But that's the whole reason you have the decoders in the first place... to sort all that out for you, and shift things from the physical to the logical domain.  If it was trivial to just read the bit stream off the scope (and RS232 is one of the simpler ones), then there'd be no need for decoders!  So you're doing things like looking at the physical patterns, and scratching your head wondering why they don't match up exactly with the logical... because they don't!   :phew:

Thanks for all the screen shots though.  I already learned something I didn't know... which was that you can have more than one decoder interpretation on the screen at the same time, for the same data stream.  In your case, binary & decimal.  Not overly useful, but I'd think you'd only get one. 

[Oh, and they use B1 to denote Bus1, copying those who came before them.  They'll need D1, D2, ... later for the 16 digital channels on their MSO.]

I'm fully ready to believe that with LAs and DSOs stuff doesn't line up - that's why I've been on my mini-crusade to either find an affordable MSO or learn to live with 4 channels plus good decoders on an affordable DSO.

I will buy into B1 and B2 as being A-OK so we can save D1 and D2 for the MSO; that's very good.  Thanks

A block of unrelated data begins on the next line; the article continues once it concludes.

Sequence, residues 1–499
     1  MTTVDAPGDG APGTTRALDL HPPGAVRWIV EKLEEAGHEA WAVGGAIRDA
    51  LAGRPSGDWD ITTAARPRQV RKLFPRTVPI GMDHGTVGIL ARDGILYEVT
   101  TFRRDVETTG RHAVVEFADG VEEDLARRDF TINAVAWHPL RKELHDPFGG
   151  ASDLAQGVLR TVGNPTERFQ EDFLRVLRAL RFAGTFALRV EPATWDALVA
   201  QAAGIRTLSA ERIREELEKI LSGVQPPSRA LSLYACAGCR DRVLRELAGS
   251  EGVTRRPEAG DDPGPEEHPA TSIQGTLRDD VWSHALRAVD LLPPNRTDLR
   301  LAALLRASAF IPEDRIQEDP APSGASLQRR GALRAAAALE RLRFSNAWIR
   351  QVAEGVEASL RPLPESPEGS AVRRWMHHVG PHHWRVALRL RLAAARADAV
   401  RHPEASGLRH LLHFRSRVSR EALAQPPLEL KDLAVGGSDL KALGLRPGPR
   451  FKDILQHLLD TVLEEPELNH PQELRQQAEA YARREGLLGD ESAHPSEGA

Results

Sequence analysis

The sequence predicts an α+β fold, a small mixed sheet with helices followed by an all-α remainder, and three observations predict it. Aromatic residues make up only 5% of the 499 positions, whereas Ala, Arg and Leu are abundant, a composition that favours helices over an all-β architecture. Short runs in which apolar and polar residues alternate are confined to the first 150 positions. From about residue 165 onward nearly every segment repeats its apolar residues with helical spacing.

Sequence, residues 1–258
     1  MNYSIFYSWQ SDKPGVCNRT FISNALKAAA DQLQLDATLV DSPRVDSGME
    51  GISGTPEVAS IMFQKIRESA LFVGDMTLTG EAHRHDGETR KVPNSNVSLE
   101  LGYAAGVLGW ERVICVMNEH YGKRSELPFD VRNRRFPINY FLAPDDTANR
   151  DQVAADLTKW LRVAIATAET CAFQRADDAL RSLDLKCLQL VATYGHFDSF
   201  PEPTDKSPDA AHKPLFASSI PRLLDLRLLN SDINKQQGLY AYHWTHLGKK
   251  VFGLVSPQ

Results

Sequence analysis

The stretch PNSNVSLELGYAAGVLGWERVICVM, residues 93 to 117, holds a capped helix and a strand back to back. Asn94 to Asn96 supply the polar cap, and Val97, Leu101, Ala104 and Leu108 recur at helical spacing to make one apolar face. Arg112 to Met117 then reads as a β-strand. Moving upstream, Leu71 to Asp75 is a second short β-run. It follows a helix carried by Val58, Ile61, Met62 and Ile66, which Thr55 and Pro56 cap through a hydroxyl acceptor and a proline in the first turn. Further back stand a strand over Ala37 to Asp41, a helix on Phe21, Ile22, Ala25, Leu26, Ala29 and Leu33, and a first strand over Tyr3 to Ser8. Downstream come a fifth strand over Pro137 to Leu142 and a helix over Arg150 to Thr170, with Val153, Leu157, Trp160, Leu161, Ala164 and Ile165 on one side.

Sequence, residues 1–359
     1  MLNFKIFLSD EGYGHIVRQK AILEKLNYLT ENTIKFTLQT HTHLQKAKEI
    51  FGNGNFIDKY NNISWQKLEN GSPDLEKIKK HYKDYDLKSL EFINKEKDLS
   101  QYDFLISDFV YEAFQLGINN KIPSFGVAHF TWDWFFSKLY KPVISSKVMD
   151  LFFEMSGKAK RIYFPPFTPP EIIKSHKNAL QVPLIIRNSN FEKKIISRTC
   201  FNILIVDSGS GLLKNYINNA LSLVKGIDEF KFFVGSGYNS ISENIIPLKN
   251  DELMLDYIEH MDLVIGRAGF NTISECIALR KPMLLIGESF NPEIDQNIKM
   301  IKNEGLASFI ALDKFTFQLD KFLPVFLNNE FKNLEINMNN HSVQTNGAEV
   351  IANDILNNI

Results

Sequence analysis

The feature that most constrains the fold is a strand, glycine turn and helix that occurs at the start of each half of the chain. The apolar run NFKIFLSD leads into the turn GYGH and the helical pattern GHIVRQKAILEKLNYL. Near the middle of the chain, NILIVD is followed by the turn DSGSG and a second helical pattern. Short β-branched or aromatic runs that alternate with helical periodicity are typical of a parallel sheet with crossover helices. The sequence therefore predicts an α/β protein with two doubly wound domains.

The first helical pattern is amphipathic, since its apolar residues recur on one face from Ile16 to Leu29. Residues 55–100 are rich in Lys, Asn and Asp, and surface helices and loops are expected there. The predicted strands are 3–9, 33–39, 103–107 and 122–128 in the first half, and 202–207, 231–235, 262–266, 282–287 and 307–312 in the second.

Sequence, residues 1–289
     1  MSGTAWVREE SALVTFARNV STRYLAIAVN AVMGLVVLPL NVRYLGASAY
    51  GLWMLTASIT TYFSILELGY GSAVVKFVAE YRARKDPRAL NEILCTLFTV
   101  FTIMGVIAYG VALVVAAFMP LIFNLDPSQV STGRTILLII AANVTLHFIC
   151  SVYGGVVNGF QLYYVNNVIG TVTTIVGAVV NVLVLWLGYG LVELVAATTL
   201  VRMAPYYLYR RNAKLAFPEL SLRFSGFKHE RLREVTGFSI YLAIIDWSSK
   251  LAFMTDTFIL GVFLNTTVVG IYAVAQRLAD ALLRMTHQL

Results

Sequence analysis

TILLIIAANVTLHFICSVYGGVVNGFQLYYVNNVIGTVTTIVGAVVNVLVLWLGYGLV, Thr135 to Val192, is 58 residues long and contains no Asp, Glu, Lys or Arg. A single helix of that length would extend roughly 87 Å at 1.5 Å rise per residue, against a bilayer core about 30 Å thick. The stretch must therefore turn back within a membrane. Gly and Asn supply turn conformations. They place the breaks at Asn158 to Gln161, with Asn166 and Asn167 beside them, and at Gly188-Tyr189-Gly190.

On the rest of this stuff though I'm holding out for symmetry and alignment.

I see no reason why the 1s and 0s shouldn't decode coincident with the waveform.  I don't care if we call high 1 and low 0 or low 1 and high 0 - the 1s and 0s should be visually evident relative to the waveform.

Next, if we use a given polarity to decode one form of information (ASCII, Decimal, HEX, or Binary), we should use that same polarity for the other forms.  Same with LSB/MSB - the same one should be invoked for each decoder used.

Next, the decoder boxes showing any of the forms of information (not just the Binary) should align with the waveform and also with any other displayed decoder box.

I think it is possible with a properly designed scope (ie, with properly designed decoders) to do this.


That's my opinion and I'm sticking to it (until some hits me with an EEV gong that brings me to my senses - which is something I realize could happen any moment now.)  :box:

« Last Edit: November 05, 2013, 01:06:30 pm by Electro Fan »
 

Offline Electro Fan